Chocolate and Wine pairing - Page 2
When matching wine to chocolate the key essence in successful pairing is ensuring the sweet tastes complement each other...The darker the chocolate, the heavier the wine should be.
Similarly the lighter the wine the more elegant the chocolate should be.
I love pairing white chocolate with sweet dessert wines (a glass of Elysium from the Quady Winery in California for example or any select bottle from the Dolce Winery who specialize in dessert wines).
Milk chocolate goes well with the lighter bodied reds such as merlot or pinot noir.
When pairing dark chocolate Shiraz, Zinfandels and Cabernet Sauvignon are excellent choices.If you want to pair the bittersweet dark chocolate - Grenache, Cabernet Sauvignon, Merlot and Ruby Ports.
Hello everyone, This is Apron,
I am not really a wine drinker but do like white wine or champagne. I do like chocolate and tend to go for the dark type of chocolate. I believe dark chocolate is the best health wise whereas white is rather like a fat, milk chocolate is not really chocolate. There was I believe a war over chocolate with foreign countries as to the fact that British chocolate was not being given to the public properly as it was not proper chocolate but that France and Germany were giving their public proper chocolate and they told the British to stop cheating the British public. I love German chocolate, and Austrian is my favourite. Red wine is very good for people I believe. I believe it has to be a certain number to be a good one. My step father used to tell me this. May I ask which countries chocolate would you consume and why? Also which countries wine would you consume and why?
Try to do opposites, for example if you have a high cocao content South American chocolate, pair it with a sweeter wine, or where if you have a sweeter Belgian chocolate pair it with a dryer wine.
Sparkling wines go really well, as well as old world wines.
Pairing red wines with chocolate is like pairing a novice rider with a skiddish horse. The two almost never work well together and there is a reason for that. The tannins and sugar of the chocolate wage a war with the tannins and alcohol of the wine. The only casualties are your taste buds, your wallet and in some cases, your reputation.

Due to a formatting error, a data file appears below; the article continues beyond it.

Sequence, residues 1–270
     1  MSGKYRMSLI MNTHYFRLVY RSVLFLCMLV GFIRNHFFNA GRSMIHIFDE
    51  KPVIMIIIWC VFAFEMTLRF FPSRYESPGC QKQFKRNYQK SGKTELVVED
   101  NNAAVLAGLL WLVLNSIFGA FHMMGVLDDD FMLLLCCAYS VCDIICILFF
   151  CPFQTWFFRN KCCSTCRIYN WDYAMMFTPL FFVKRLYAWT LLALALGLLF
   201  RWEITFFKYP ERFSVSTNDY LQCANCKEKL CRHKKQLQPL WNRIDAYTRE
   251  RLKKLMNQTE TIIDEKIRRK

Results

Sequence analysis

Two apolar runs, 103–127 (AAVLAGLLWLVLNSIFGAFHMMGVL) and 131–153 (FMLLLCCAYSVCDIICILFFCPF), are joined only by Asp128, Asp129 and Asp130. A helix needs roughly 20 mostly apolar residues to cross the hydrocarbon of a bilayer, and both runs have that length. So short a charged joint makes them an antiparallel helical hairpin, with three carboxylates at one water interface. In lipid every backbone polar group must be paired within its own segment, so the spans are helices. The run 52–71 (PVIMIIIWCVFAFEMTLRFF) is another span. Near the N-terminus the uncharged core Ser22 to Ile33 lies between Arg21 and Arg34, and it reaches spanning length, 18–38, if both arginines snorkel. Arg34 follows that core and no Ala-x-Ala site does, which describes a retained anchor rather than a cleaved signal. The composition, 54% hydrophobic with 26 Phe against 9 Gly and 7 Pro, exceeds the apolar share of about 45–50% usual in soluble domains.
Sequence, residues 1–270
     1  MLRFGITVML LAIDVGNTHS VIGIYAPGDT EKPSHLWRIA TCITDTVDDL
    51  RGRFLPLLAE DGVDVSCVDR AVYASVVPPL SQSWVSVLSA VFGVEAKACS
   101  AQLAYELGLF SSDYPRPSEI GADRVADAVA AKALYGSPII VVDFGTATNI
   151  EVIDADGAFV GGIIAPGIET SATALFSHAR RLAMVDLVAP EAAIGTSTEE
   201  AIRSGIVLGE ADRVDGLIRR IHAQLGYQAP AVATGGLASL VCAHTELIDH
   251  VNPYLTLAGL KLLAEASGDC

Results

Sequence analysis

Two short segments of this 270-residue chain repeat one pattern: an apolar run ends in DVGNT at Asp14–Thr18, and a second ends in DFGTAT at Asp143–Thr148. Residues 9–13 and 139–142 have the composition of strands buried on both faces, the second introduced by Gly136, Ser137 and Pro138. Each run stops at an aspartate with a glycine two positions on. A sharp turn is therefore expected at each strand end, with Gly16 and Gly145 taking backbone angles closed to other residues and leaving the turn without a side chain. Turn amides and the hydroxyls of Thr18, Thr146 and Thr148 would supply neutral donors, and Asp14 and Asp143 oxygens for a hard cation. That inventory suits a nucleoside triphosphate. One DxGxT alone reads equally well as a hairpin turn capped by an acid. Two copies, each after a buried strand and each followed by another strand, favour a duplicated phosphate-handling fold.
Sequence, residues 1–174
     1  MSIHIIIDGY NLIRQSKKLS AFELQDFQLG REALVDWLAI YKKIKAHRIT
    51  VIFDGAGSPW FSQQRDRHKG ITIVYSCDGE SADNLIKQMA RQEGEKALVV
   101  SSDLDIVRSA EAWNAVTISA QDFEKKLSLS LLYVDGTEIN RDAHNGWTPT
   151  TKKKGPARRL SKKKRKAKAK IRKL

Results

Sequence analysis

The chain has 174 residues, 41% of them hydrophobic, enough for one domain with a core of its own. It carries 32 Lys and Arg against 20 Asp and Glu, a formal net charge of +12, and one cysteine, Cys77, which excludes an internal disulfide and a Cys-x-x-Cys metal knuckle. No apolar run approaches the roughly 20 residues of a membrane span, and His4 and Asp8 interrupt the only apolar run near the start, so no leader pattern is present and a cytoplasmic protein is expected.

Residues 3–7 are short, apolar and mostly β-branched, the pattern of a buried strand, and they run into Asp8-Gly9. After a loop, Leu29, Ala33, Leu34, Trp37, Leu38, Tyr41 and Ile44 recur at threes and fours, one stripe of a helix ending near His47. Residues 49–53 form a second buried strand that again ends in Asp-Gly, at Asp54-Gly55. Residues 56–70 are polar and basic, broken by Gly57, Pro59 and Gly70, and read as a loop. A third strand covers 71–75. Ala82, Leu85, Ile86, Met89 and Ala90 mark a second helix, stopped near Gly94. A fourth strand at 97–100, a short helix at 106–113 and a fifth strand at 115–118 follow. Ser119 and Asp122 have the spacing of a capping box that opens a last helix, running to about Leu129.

We all have different tastes and preferences. In recognition of that fact, it is not my intent to malign those who like red wine and chocolate. Some actually like the dissonance created by red wine and chocolate. However, in my experience, there are far more who do not like the pairing of red wine and chocolate than there are those who like it. The two together are most definitely an acquired taste. Like one commenter said, red wine and chocolate creates the "toothpaste orange juice syndrome."
Here is the inherent problem with red wine and chocolate.
Fantastic chocolates and fantastic red wines are fantastic for the same reason: their tannins. In the world of food and wine pairing, tannin + tannin = bad. Tannin + fat = good (hence, the sublime glory of fatty foods, such as whipped cream, with chocolate or a big red wine with an excellent steak). But, when the tannins that make each of these culinary delights so wonderful clash, the result is almost always a negative experience. Throw in the chaos created by alcohol, who owes no debt of loyalty to either the wine or the chocolate, and the experience will almost certainly go sideways. The true tragedy here is the taster will almost certainly miss out on the true beauty of the red wine or the decadent seduction of the chocolate. Rarely, if ever, will they have both.
The general rule is pair chocolate with dessert wines that are just as sweet or sweeter than the chocolate. Dessert wines typically have "soft" tannins accompanied by moderate to high acidity and high sugar content. The acidity (and alcohol) prevents the wine from tasting like syrup. Meanwhile, the sugar tends to disarm the higher alcohol content of the dessert wine.
The marriage of dessert wines and chocolate can be a truly bewitching experience, when done right. The choice of dessert wines and chocolates is a matter of preference, as is 99% of the art of wine pairing. If you do not have the experience, there are many people and resources out there that can point you in the right direction given the dynamics at play such as budget, experience of the tasters, vintage availability, types of chocolates and so on.
Oh wow... I never knew this! I also thought the two were the perfect pair. :( Goodness. Now I know that I should use a dessert wine instead of just any bottle of red wine. This makes me happy. Now that I have the time to cook and to read, I expect I will learn a lot more useful information like this. thanks so much!